Anatomy of Murder

A murder case has many layers: the victim, the crime, and the investigation. To truly understand it, you need to dissect each piece of a tragic puzzle. Join Anna-Sigga Nicolazzi and Scott Weinberger every Wednesday for an insider’s perspective, as they reveal to you the Anatomy of Murder.

Stranger Danger

Stranger Danger

Wed, 03 Feb 2021 08:00

A 12-year-old girl left home to take a bike ride. Only her bike was found later that day. Days later, the unthinkable was discovered. It became a race against time to get a predator off the street before he struck again.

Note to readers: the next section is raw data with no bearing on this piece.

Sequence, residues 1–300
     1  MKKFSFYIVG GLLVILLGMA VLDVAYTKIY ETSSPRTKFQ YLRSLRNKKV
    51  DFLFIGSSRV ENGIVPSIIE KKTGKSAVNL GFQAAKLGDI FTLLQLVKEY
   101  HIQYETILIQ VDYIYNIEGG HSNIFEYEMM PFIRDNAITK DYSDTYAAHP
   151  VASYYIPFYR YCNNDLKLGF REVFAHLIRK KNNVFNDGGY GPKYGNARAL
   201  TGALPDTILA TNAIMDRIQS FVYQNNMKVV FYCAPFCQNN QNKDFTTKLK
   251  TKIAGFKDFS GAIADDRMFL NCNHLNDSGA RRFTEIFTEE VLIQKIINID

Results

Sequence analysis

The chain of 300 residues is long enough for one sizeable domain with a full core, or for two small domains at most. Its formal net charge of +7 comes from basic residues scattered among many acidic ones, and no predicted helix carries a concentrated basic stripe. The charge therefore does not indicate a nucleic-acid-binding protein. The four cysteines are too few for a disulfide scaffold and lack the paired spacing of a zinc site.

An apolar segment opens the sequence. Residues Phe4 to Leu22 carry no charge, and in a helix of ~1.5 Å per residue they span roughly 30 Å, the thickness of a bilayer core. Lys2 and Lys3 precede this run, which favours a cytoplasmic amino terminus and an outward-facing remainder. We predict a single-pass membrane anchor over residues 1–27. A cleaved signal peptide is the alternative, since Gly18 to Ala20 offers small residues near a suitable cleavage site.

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If you're looking for a new show unlike anything you've ever heard before, check out audio Chuck's latest series killed. Each episode of killed covers a story that you may have never read because it was killed before it got published. I'm Justine Harman, who some of you may know from my show OC swingers, and I'm here to bring these dead stories back to life binge killed right now to get the full story. Hi everyone, Ashley Flowers here and I have exciting news to share. My debut novel, all good people here is officially out now. Our fans are blowing up our social talking about it. You do not want to be left out and the worst thing that could happen is for someone else to spoil it for you because there are some wild twists in this book. If you love true crime content, mysteries, and a grown up Nancy Drew style detective work then I have a good feeling you won't be able to put this book down. So what are you waiting for? Grab your copy of all good people here now, wherever books are sold. Will do is I will give you one piece of information that was not released to the press to know that I was the one that was. What would that one piece of information be? I'm Scott Weinberger's, investigative journalist and former deputy sheriff. Glassie former New York City homicide prosecutor and host of Investigation Discovery's true conviction, and this is anatomy of murder. So today's case took me through some real emotional peaks and valleys. It involves a community which rallied behind a family dealing with the unthinkable at the hands of what I can only describe as pure evil. And just a word of caution. All these cases are difficult to hear for different reasons, but this one involves children and also sexual assault, and for some that might just be too difficult to hear. So just letting you know beforehand, because here we go. The family was Vicki and Ricky Jones, and they are the parents of Cora Jones. The Jones family lived in the countryside of northwest Wisconsin. A pretty tight knit community. I mean, there's a lot of kids and the river runs right through there and they play in the river and had a little store there and it was pretty fun place to be a kid. They had two children. Cord Jones, who was 12, and she had a little brother. If I remember correctly. He was about two years younger than she was. When our kids were small, we had a lot of different animals. You know, in the winter they could have snow forms. They had a lot of stuff to do out here from coral was just a joy to your own. She really wanted to hunt, but she was little uncertain about killing the beer. That would have all come to an end when she saw one. I'm sure she's an excellent shot. Cora was a young girl who, like many young girls, she loved talking on the phone. Now, this is the days before cell phones, but they still had phones and she loved to chat. She loved her friends and talking on the phone and, you know, having kids spend the night. But life had not always been so idyllic and easy for Cora. From the time she was very young, she had some very serious medical conditions. When she was two, she got a really bad kidney infection. Then she got another one called three months later and they found out that she had a bad kidney. She was only three. And then they went in and took one of her kidneys out. So she was in the hospital total of and two big surgeries for a little 3 year old and she was this little tiny girl, this great big bed. She had tubes coming out of her and then to try to sit by her and. To tell her everything was gonna be OK. And she had multiple serious surgeries that basically meant that while they could help her, she had to be on daily medication for the rest of her life. She would never say mom, why me? Never ever she ever feel sorry for herself. Ever. So, as an idyllic of a setting the Jones family lived in, Korea herself did have a recurring fear. The fear of being kidnapped. Now, years earlier, not too far away, a 10 year old girl was kidnapped right off the street. Her name was Ronnie Ishit. It was on August 23rd, 1992 when her body was found about a month later. She was ten, and so was his girl, 10, and Cora watched that on TV. She came home from school zone in the basement. She came down and she goes, mom, what would I ever do if somebody grab me? I mean, she just. Figured something was going to happen to her like that. Let's just go sideways for a minute because there's this interesting theory out there that people talk about, which plays in here, but actually turns it on its head. It's called the third person effect, and basically that when many people view media coverage of various incidents, traumatic incidents, it's very much becomes. It's that person or those people, not me. So people either view the news reports, the media coverage on these horrible traumatic events, one of two ways, either with that third person affect hat on, or like Cora, sometimes over internalizing it. And it really gets into their brain and not only their horror of what happened to that person or people being discussed, but they start to worry about could this be me? She just spat for me to watch him there. It was just, it was her age and she was just so amazed how something like that could happen. It was just unbelievable, you know? She wanted to watch it when she was really small. She loved watching Winnie the Pooh. And it was called too smart for strangers. If it was up to her, we would have watched it every night before she went to sleep. I mean, that's how much she liked watching. And that takes us to the events of Labor Day, September 5th, 1994. While Corey's mom had left work, core had told the grandmother she was just going to take a ride on a bike down to Sanders Bridge, which was just down the road, to go meet a boy that she had recently made friends with. Her brother was at his conference house and coral was at Grandma's house. It was Labor Day and the kids had to go back to school next day and I had to leave. Both had to go back to work on Tuesday. She kept calling from grandma's, all kept calling and calling and then the last time I talked to her was about 2:00 o'clock in the afternoon, and I told her I had to run the work. Now, when she didn't return on time, the family began to get really worried. Cora's grandmother reached out to Cora's mom, and Corey's mom remembers that phone call like it was yesterday. My mother-in-law called and said to my sister-in-law that Clara hasn't been around for a couple hours. Then I cried and went over there and I got to grandma's house. Grandma said that she took the bike. Then Cora went down to the bridge just down the road a little ways because there was a little a 13 year old boy that was fishing down there and they started liking each other. But her mom didn't think much about it other than, uh, where has that girl gotten off to? And as soon as she got to the grandmother's house, all she could think about is I got to go get Rick. My husband, Cory's father. I mean, my husband was on our hunting land, so all I could think about was getting Rick up there because I thought, well, he'll find her. Vicki came and got me when I was going on and my first thought was that she had gotten on an inner tube and pulled it down the river like kids always do, so they did have a starting point. They knew she was meeting this young boy Sanders Bridge, so the search area really was the blocks in the streets around where the bridge was. Our nephew went to look for Clara and him and his girlfriend from the bike laying in the middle of the road. Cora would never, ever just leave her bike lane in the road. And that began an incredible effort, a FamilySearch which included cousins, neighbors, and that grew and grew throughout the hours of their search in the area. She was in the corn field. I mean, you know, we were hoping it was something like that, but I think down deep we knew it wasn't. Back now to the disappearance 2 years before of young Ronel. Because when now Cora's family heard this, obviously there's going to be flares going up because they found her bike. But no, Cora. But Runnel 2 years before when she disappeared, one, it was only 45 miles away and secondly when Marnell was kidnapped, she was riding her bike. So now Coors parents knew this was the time to reach out to police, and that would be the Waupaca Sheriff's Department, and investigators quickly arrived and began working the case. In one sense we were lucky because the first officer on the scene knew us personally and nicora, so they immediately took it as trouble. And that's kind of unusual. Usually the first thing you think that somebody ran away or. Cora was last seen wearing pink shorts, a pink top and a fluorescent green jacket. That's not the kind of items that would be difficult to find in an all out search. They said they didn't want the family to help search, but, well, guess what? We searched until dark. There was just tons of people there. I think from that point on, she became everybody's little girl. I have to tell you how to seek my first thoughts here was an abduction bicycle on the road? No. Young girl? Yeah. And by that time, what time it got dark, didn't find anything. But they did not stop searching. Go home. You can't sleep if you look at your close your eyes and sleep that you're giving up on her and it was just a guilty feeling. And it was much more than just coarse family searching. I mean, at this point they have searched parties of up to 100 people to the point that it was almost difficult to manage. To be dark and they told us we had to leave. How do you leave and not know where she was? That was probably the worst thing that ever could happen to us and we had to get in our cars and drive away. Police didn't want Rick to cooperate with the search, and that's very often how it is. And they're trying to protect the investigation. They don't know where this is going to go. They want to make sure that if there's anything of evidentiary value or if there's any trouble encountered along the way, that it isn't going to be the family. That is though, anyone to find it or to potentially be accused of contaminating the scene. And so that's where their head is. But obviously Rick, the father, he couldn't stop himself from looking. It's not a good feeling and. It was hard to rest, so I'd go out with one group and come back in. I'd change my shirt in my hat and go out with a different group, but I don't want anybody trying to stop me. I don't know how you feel about it, but, I mean, I'm the prosecutor, right? And yet I totally get it that he cannot be sitting home while his daughter is missing. He needs to be out there searching. And I think for myself, if it's any family member or friend, I would have a tough time following that directive too. Yet from the other side, the law enforcement, prosecutors perspective, that's the directive I'm giving. But I get it both ways, you know, and a secret for families. It's always the search for a loved one. It's that way for law enforcement, too. But it's also a rescue and recovery mission. Until it's not. You know, governor eats provider, any resource we needed even sent his helicopter up. I was up in helicopter flying around with him. That shows the incredible amount of cooperation between the family and law enforcement trying to look for Cora and anesthesia. As you know, there was more than just her being missing. Time was not on her side. Whether you are in a small town or a big city, people do band together and it really brought out the best of everyone here. And I think I remember that we the most is just so many people because our little area, nothing like that ever happens around here. They just didn't enough to do with everybody. And there was so many people and companies bringing food and there was just trucks backed up to the door to the spring and then food and it's just unbelievable. The community reacted by embracing this family. Volunteers were sending in food to feed this search party. Which was now up over 100 people. You have Rick out there changing clothes, you have strangers. They're all out there for one reason and one reason alone. That is to try to find this little girl's family, was told by law enforcement, the longer time goes, the more concerns are being raised about her well-being not only from the situation and potentially being abducted, but as we mentioned earlier, she was on daily medication. This was life saving medication. That she needed and that was the extra pressure on everybody to find Cora. But by about that time, I think we were kind of realizing that she was gone. Just hope for the best and get ready for the worst. And beyond the physical search, they stepped it up by using what we so often see on TV, which is the media. Well, then when the media got ahold of it, it was just unbelievable. Vicky, that was her job. She wasn't out doing the search, but her job was to stay there, managing and manning the mic, so to speak. I never thought I could do something like that, but when something like that happens, all I could think about was to try to find her. I don't think we ate her. We need sleeping and eating anything. In those six days, every moment she could get on air to ask people to help to find her little girl, they tried to make sure it was on every major news outlet that maybe someone would have seen something, could say something. It was the top story every day. They kept telling us to try to have a story every day to try to keep coral and the first thing of the news because that's what everybody would see. Advertisement was coming up and you know Scott, looking at your former journalist days, how vital is it for in a case like this, for it to remain the lead story? I see it important and beneficial on 2 fronts and here's why this is an active search. The more people that know she's missing. Even outside of the local community, the better. Having the family make the plea is really a way to step up the amount of coverage and the potential the story could be picked up statewide or even nationally. Now on the investigative side, I've COVID cases where someone was just driving through the community or visiting on the day that someone went missing, only to realize that they may have important information after seeing the story later on on the news back when they get home. There was a big plane crash that was taking her out of the top story, so our governor was Tommy Thompson at the time. Invited us to come down to Madison on a Sunday, so they figured that was going to put her back up to the top story. There were so many TV cameras around. I was really concerned that I didn't want too much information. I wanted them to spend their time trying to find her. Them wearing sort of two hats here, right? I mean, clearly former member of law enforcement and clearly a journalist whose responsibility is to get information out to the public. But I think it's a delicate balance to be able to make sure that messages were getting out without giving out too much material that could affect a trial down the road. And that is why I think on all fronts, law enforcement and prosecutors alike, this is exactly the type of case that you not only are OK with media. Mention you're welcome it. Hopefully this is a search and rescue and you'll always have to bet on the person being a survivor. You need to get it out there because it is all hands on deck to try to, in this case, find a missing child. So Cora goes missing on a Monday, and that following Saturday at 8:00 o'clock at night, Cora was featured on the National Show, America's Most Wanted. That show years ago, then they show the kids were kidnapped. So in the middle of the week I talked to somebody from Altair. We had one video that we went to Disney with her to Florida in March. And I said I'll send it and make sure you take care of look at those only video we had her. So we came home that night early so we could watch that and then at the end of the show she was on there after America's Most Wanted. Rick and Vicki are sitting there their home. They now hear cars pull up in front of their door. We're seeing two cop cars driving the driveway so we knew something will happen. Read it. Is their daughter with them? Did this show bring them the news they were hoping? Did it give them the answer, or did it bring them back their little girl? But what are you seeing? Two of our ministers walking in front of the cops. We knew what they were going to tell us. Five days after her disappearance and about 70 miles away from where her bike was found, 2 hunters were walking alongside the road and they notice down a ditch. A body of a young girl. It was pretty sad, but it was like a big weight had been lifted off my shoulders. It was now I knew I wasn't letting her down. I have to break in here for a moment because I don't want anyone kind of turning their head sideways when they hear Rick saying that he felt some relief getting this news. Because, you know, I always feel so protective of the victim's family because there is no one-size-fits-all for how people feel. But just think about what he's really saying for a second. Of course, this is the very worst news he could ever hear. I'm sure it was the very worst feeling imaginable in the world, but at that moment he knew that there was nobody hurting his little girl. Anymore. And isn't that the thing that would give any parent, any human, any person, some sense of relief? Detective Ben Baker would be the detective who would go to the scene and start processing it as a crime scene. He found the body of a young female naked, her hands bound behind her back. And the bind used. Was a cut off piece of a pink T-shirt and a black strap around her neck and it appeared that there had been a sexual assault. I think they would have given us any information we asked for. They all say they think they found her because they can't be sure to others not autopsy. Our dentists came gamer and dental record and I asked them if they could see the scar on her from the kidney surgery and they said they thought they could. During the autopsy they discovered that she had some bruising to parts of her body. Cause of death would be from the multiple stab wounds they found. But right away they started to look at similarities, similarities between how Cora was found and now, going back again to two years before to Ronelle's case, both young girls, both riding bikes, relatively alone. Discarded in the woods. And even though there are two years apart, what other abductions could be related? A sexual predator normally doesn't stop until they're caught or they die. For law enforcement, this is a sign that these cases could be connected, and there could be more. Wanted to look at whether these were connected. They started to tug on that rope and they found out another. In July, 2 months before Cora was abducted, a woman had called the police. There's a State Park to take 10 miles away from rural she'd been riding her bike. A man asked her for directions. He drove away, but then he came back and he hit her with his car. She fell into a ditch. The man got out and he approached her with a gun, and it was only when another car approached that this guy, the guy with the gun fled. From the drive by and he got scared and jumped in his car and drove away. So she got away and I guess we should took more and more of a warning from that, but hindsight's 2020, it turned out she was an adult, but she looked very young. This woman was 24 years old and this assault police suspect that the victim was approached from behind and the fact that her hair was back in a ponytail. The assailant may have thought she was a lot younger than she actually was. She eventually came up with a good enough description. They got a good illustration of him, she said. He was in his 50s, had a scruffy mustache, not a lot of hair, and her description was detailed enough that they were able to come up with a composite sketch. They had to be careful about releasing these illustrations and stuff. It was almost like a lynch mob mentality, and I was afraid that there was going to be. Two or three people coming in and saying, hey, we hung the guy, you know, I was always afraid somebody was wrong, was going to get hurt. A living witness. Anesthesia, as you know, is such a valuable piece of intelligence is to be able to describe, you know, the method of approach of what the person said, what they look like, what they were driving. I mean, this is critical information that could connect these two cases. Most importantly, she was able to describe his car going back to about the 80s or the 90s. It was a maroon sedan. They brought all these computers and they put all the tips in the computers and it kept kicking out a maroon car and Ben Baker said, we find that guy and we found courage killer. Police are looking for anyone that can give them assistance. They're going to other precincts to compare other cases to see if there are other rapists, kidnappers, murderers in the area that just might fit some sort of a match. We told everybody, anything you can think of, call it in. There might be something that's connected that we don't realize is connected. You had an attempted assault and you had a homicide, and police were anxious in Appleton to share their information with Waupaca and when they. With the Appleton Police Department, they learned that there had been a recent string of burglaries, sexual assaults, and the description of the perpetrator in that cases matches their sketch and one more detail. He drove a motor car. So at this point, police knew there was a race against time to find the person responsible for Cory Jones's murder. On November 14th, 1994, more than two months after her murder, police officers responded to a report of a peeping Tom in the nearby town of Appleton. When police arrived the homeowner. Had a 50 year old man in a headlock after he caught him watching his wife through the window. The man being held for police was David Spanbauer and his criminal history would answer so many unanswered questions. So two things to note about this guy who's now just been arrested as a peeping Tom. This David Spanbauer won in his 50s. Scruffy mustache, not a lot of hair, and what does he drive? I'm a rude car, but now let's go back in time and look at his record a little bit. While you can't use that in court because that will be propensity, because someone has committed a crime in the past doesn't mean they committed this one. You have to prove each crime based on the evidence in and of itself. But when we look at this guy. As far back as 1959, after being dishonorably discharged from the Navy, he had been in and out of prison. In prison two times before he broke into the house and raped the babysitter, and then when the family came home, he shot the homeowner in the face of the shotgun. He obviously had no regard for human life whatsoever. Are looking at this and right away they're honing in. They just might have got their man. So when police brought spanbauer in and began to ask him questions about incidents within the area, Spanbauer was very upfront and willing to discuss his alleged crimes. The following will be a recorded statement from Mr. David Spanbauer on Monday, November 21st, 1994. We have the interview with David Spanbauer and you'll hear portions of it. And just one thing to note, you know, people sometimes talk about sound quality of these things, but these are the actual real audios being taken for evidentiary purposes. So they may not sound as high quality as when you're recording a podcast, for example, but that is because if they're less than ideal, it is real time as the evidence is unfolding and that is what you're getting the peak into. Are you responsible for any homicides in the city? Yes. And of his statement to police, the most detail was given in a back and forth with the detective, Detective Baker, about Cora Jones. When did you first see her? Bicycle. I pulled over and told her to get in the car she got. Items. This. Because. He made her get out. She was bound. Walked her down into a ditch. Could you? Show me where where the stab wounds were. Chest, stomach area, chest and stomach area, OK? He told investigators that he tore apart of her shirt. And used it to tie her hands. And despite attempts to strangle her, she fought back. Which is heartbreaking. How did this one? Wanted to recognize. I'm just gonna say this is as many interviews that we've done with suspects or with victims or families of victims. These confessions never get easy. I think it's fair to say, you know, having been involved and heard countless of these at this point it just. It always stops me in my tracks because we're talking about people. While yes, it's for evidence and you're building cases, he's talking about a young girl in this case, and he's talking about other victims too, and I've never been able to wrap my head around that. And I know Scott, you and and just so many others, probably everyone out there listening to this feels the same. That you know how people are capable and you listen to him. It is so matter of fact. And that is the thing that probably always hurts me the most. You know, he took everything from Cora, her life and all her love, from her family. But for him, it's just matter of fact. Here's what I did. What do you want to ask me next? When did you decide she had to die? You know, hearing Detective Baker ask him, when did you decide you had to kill her? Because remember, he hadn't killed many of his other victims before and hearing this guy say. As soon as he saw her. It just, it added a different level of, you know, that you feel in your stomach because it's just so happenstance. You know, he had blindfolded some of his victims. He hadn't worried about whether he would be seen, but to him, he didn't want to go back to jail. And the easy fix for that to him was to take this 12 year old's life. Well, he had been in prison two times before, and if he was originally served half of his first sentence. He would have still been in prison and we still have our girls. But they just kept letting them out early. You're Scott talking about this statement a bit because so many people always say, well, why do people talk to the police, I think. Somebody like Spanbauer gets to the end of the road and realizes it is the end of the road for him. And justice really, in a sense, thinks maybe there's somebody somewhere that will understand his way of thinking or will forgive his actions. And if there's a higher power that does that, then that's what it is. But I think at a certain point there's a lot of people within his position that do want to. Get it off their chest and do want to be able to feel like the end of the road is there for them and they no longer have to run. I think it's just that, as you said, Scott, it's the end of the road, but so he's just kind of like, all right, I'll tell you what you want to know. But there was so much he wasn't willing to talk about, he didn't want to answer any of the questions about the whys, which to me would go for someone who was looking for forgiveness or was trying to bear their soul. This is a guy who. Cares about nothing and no one to have done the horrific crimes that he did. But he knows he's done. He knows he's going back to prison and this time he's not going to get out so short. You need me to prove it to you? Sure. It really was. I mean, is there a part of him that almost is reliving it at the moment and proud of it and just wanting me to make sure they believe that it's him? Maybe. Is Africa drop one. For investigators, it wasn't the end of the road. They still wanted to dig deeper and make sure that they could confirm that what he was saying was true. So they started to dig into the forensics. So when it comes to actual physical evidence, in my hands I have a copy of the FBI's report which directly connects Spanbauer with Corey Jones's murder. The report talks about specific physical evidence that was located. It talks about vacuum sweepings. It talks about. That black strap that was found near her body, it also talks about the pink strip of cloth that was used to bind her hands. That was a direct forensic connection to spanbauer. I mean, they had him not only through a confession and a Sega, but they had him with solid forensic evidence. And you always want that. There is no such thing as too much evidence. And, you know, someone might say, well, he's already confessed. Well, I can't tell you how many times I've gone into the courtroom. And now that confession, while the defendant is trying to take it back, they are recanting it. They're saying that, well, the police told me what to say, or they made me say it, or I just made it up. And while in my experience that is most often not true, we do know those things have happened, and a jury knows that too. And so you want to protect against that, to show that, well, we have matched up what this person says, specifically some of the things that were never released to the media, which is exactly what, by the way, Detective Baker did during this interview. He made sure to get details. Spanbauer asked him questions about things that had never been released. And that is so important because the jury needs to be, and they should be absolutely sure that not only is this the person who's saying they committed the crime, but it actually is the person who is. But let's talk about the way that the family found out and what they were told about the arrest. I was at work and I came back on my lunch break and the office girl was standing outside by the back door and she said, I just want you to know they think they might have found the guy that killed coral. So that's how I found out. So then of course some of the media that we got to know personally knew where I worked. So then they started calling me to see if I could do an interview at work so they could get it on TV later that afternoon. A guy in prison in Minnesota that confessed to it, and how sure are you, you know, how positive are you going with this guy? And so now, while everyone's gearing up for a trial and getting very ready, the case ultimately did not go to trial. David Spanbauer pled guilty. And we could have a trial if we wanted one, but there was no sense in it. All we wanted was off the street so we couldn't hurt anybody anymore. As part of his plea deal, he admitted to much more than Cora Jones homicide. He admitted also to the murder of Renel and many other crimes as well. The first time we went to court was first. 13th birthday was first time we ever seen it. I couldn't even imagine what it was going to be like to see him, but it was horrible to even look at him, thinking what he did was horrible. We got close to it. Before he was sentenced to, family members were given the opportunity to give their victim impact statements to tell this man in the courtroom and more importantly, the public and the judge who was just about to send sentence everything that this man had ripped from their lives. Ripped my shirt down and wrote down what we wanted to say and rip during his sentencing got to say well, how we felt, so that was good. Some of my family and our our family talked, put them away forever because he could never hurt anybody again and and I think just trying to get through to his head what he did to these girls. And we just. Wanted them to feel a little guilty, but it was nothing. He didn't think he did anything wrong. The District Attorney said. Even if you're a man at all, just turn around and face your victim's family. Because Rick and I were only a few feet behind him. He wouldn't pick his head up and look at anybody. And the judge after hearing that he sentenced David Spanbauer to three lifetime sentences and 403 years. You know, Anna Seeker, in my brain, I have a space which is designated as pure evil people that we've done stories about people that I've come in contact with in my law enforcement career and as a career as an investigative reporter. And David Spanbauer is absolutely on that top ten list. When the judge sat in Spanbauer, he reserved some harsh words for that defendant. He said I don't know what cesspool and hell you crawled out of, said with. The legislature won't let me send you back there because clearly he would have given him the death penalty, I think. I wrote a letter to him and sent it to him because it just made me feel better because I said I, you know? Hope you never go to sleep again and. And ever have peace and I hope you're conscious. Kills it. I can't even imagine being able to close your eyes, is what I said. How do you even live with yourself? After what you did. David's Spanbauer went to prison. He died in prison at 61 years old in 2002. It's a very strange feeling. Sit back and let out a sigh and well, it's over. And now we pick up the pieces and go on. You know, as a toddler, Cora overcame so many medical challenges, nearly losing her life during a kidney surgery and. While in the back of her mind, the kidnapping of another young girl gave her a reason to be fearful. And even though she needed daily life saving medication, she really loved life, her friends and most importantly. Her family. None of us ever think something that bad is going to happen to you. So I mean, everybody just let their guard down because you really don't ever think it's going to happen to you. We take life for granted. We do every day. We just got up, went to work, our kids went to school. You know, don't know how much you can appreciate what you got until somebody's gone. When I think about Cora Jones, Runell and David Spanbauer's many other victims. The big thing that I come out with is I just wish that we could find a way to protect the choras and the Runnels. From people just like him. TuneIn next Wednesday, when we'll dissect another new case on anatomy of murder. Anatomy of Murder is an audio Chuck original, A Weinberger media and forseti media production summit. David is executive producer.